Why Do You Need a Non-Disclosure Agreement?
Non-Disclosure Agreements ("NDAs"), also referred to as Confidentiality Agreements, are one of the most common legal documents, and we hear about them frequently. But what do they actually do, and why do you need one?
So, What is an NDA?
Simply put, an NDA is a legally binding contract wherein one party agrees to disclose confidential information to a second party; in turn, the other party agrees to not share this information. This creates a confidential relationship between the two parties, to the exclusion of all outsiders.
NDAs are customary practice for businesses and investors who are entering into negotiations with other parties. It allows them to share sensitive information without fear that this information will end up in the hands of competitors.
Why Do They Matter?
Business owners and investors are ultimately committed to the profitability of their business ventures. Having valuable information leaked has the potential to undermine these investments, so it is critical to seek out an airtight NDA.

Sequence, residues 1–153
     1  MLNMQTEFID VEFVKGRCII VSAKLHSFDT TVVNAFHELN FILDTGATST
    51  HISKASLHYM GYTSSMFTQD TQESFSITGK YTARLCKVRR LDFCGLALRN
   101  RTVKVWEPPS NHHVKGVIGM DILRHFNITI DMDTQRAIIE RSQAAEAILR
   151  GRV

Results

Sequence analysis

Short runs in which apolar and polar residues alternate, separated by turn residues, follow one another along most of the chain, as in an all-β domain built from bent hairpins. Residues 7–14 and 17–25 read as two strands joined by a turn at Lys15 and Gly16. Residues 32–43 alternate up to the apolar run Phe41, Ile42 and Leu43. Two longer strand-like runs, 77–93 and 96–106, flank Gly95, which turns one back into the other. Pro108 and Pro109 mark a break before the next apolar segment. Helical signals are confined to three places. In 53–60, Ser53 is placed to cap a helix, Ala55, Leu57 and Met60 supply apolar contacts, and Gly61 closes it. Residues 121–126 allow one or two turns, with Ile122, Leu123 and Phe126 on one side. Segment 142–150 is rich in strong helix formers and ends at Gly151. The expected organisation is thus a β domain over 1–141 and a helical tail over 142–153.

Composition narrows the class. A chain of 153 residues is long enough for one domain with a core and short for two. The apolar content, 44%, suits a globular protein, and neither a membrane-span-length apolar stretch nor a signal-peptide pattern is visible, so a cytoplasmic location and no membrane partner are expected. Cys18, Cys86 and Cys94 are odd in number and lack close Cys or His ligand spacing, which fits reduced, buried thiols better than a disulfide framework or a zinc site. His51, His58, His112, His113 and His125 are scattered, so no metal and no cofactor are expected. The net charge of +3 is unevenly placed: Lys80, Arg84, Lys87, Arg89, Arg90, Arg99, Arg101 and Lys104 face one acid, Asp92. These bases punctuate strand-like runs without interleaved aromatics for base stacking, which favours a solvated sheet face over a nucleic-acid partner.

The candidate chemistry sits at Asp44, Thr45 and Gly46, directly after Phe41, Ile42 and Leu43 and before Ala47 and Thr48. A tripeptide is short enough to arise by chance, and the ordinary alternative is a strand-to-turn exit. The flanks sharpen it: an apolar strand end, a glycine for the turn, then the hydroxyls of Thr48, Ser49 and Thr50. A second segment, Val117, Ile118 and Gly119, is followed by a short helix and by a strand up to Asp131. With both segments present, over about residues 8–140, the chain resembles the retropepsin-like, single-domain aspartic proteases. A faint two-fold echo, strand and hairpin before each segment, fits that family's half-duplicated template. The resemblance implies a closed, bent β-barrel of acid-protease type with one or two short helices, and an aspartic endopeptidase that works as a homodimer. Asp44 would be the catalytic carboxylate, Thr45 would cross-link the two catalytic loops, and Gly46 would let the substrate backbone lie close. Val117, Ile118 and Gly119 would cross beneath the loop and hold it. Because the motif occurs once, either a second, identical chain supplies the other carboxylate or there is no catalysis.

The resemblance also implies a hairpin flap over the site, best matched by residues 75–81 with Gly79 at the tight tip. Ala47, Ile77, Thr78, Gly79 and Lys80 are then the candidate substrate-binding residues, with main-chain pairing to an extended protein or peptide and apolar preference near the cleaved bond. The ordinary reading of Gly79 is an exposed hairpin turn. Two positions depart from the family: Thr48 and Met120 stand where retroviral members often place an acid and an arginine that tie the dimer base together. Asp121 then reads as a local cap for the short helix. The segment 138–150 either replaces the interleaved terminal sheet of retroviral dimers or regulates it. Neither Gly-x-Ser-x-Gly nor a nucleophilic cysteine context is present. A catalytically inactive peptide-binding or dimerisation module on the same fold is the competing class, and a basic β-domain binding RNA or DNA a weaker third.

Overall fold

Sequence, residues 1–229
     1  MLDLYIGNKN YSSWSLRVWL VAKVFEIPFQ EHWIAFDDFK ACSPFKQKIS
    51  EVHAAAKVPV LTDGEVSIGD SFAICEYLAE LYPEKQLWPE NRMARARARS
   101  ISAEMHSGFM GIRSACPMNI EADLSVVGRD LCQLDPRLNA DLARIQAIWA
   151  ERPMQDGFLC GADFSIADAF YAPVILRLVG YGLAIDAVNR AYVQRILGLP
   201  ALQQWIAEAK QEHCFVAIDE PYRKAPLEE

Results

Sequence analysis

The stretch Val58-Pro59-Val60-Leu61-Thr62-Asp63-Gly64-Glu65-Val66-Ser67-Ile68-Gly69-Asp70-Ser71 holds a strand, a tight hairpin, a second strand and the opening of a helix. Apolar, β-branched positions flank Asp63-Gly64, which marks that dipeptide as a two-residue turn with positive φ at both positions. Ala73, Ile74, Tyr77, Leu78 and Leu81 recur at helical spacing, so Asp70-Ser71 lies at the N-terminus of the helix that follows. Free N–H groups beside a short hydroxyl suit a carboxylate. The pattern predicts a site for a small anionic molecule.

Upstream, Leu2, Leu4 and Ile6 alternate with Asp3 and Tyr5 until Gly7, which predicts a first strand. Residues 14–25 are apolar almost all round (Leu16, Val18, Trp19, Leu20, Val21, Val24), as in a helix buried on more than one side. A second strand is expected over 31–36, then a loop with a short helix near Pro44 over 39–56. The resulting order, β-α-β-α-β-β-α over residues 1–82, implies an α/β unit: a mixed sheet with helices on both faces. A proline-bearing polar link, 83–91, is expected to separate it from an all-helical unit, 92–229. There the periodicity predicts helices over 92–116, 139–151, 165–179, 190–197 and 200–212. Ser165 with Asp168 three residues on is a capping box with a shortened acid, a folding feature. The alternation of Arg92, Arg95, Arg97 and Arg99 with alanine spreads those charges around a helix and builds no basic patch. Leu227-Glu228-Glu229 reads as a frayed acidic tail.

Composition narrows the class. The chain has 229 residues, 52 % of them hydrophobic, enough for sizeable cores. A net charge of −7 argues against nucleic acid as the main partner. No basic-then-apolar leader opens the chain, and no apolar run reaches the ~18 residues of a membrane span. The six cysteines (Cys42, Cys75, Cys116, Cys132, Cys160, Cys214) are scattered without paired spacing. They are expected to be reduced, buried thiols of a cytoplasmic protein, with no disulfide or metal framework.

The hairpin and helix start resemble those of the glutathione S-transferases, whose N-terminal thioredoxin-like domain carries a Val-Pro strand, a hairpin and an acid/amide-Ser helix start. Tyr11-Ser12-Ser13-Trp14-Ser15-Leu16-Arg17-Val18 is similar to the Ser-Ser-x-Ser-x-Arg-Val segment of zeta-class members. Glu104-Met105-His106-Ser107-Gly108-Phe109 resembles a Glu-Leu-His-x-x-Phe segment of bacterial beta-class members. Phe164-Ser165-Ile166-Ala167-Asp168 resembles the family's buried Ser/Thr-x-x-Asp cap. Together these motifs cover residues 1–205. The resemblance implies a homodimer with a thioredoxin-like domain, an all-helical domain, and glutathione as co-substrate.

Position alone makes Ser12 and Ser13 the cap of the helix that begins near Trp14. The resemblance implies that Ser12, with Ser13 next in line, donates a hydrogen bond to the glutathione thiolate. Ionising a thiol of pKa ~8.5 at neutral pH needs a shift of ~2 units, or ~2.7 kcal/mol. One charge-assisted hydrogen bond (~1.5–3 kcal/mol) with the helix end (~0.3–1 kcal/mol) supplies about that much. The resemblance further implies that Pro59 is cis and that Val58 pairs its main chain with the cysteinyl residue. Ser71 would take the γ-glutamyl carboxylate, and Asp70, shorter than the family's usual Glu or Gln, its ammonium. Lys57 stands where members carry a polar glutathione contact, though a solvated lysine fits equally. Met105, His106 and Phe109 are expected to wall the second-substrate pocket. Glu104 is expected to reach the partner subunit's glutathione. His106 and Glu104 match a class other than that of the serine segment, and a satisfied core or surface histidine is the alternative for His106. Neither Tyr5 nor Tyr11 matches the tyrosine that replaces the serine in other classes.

Because the NDA is a binding legal contract, it will be invaluable if one of the parties breaches it: anybody who infringes upon it will be legally obligated to pay damages to the other party.
Are They All the Same?
All NDAs are the same in that they all constitute an important legal framework. However, the content and context in which NDAs are used can vary – they may be used between employers and employees, or by businesses wishing to enter negotiations.
For example, an employer and an employee at a company may sign an NDA because the company is working on projects that they do not want to be made public, or the company is seeking venture capital from potential backers. So, while the context may vary, all NDAs are legally binding contracts that precisely identify what information is considered to be confidential.
What Would Happen if I Did Not Use One?
Without an NDA, individuals would have no legal recourse if confidential information were leaked. They would be left with a damaged reputation and no legal avenue to pursue damages.
Key Points to Remember
An NDA is a legal recognition of a confidential relationship between two or more parties and protects the information that they share from outsiders.
A party who is found to have violated the terms of an NDA will be liable to a breach of contract and will be obligated to pay damages.
The NDA is of vital importance for businesses and employers.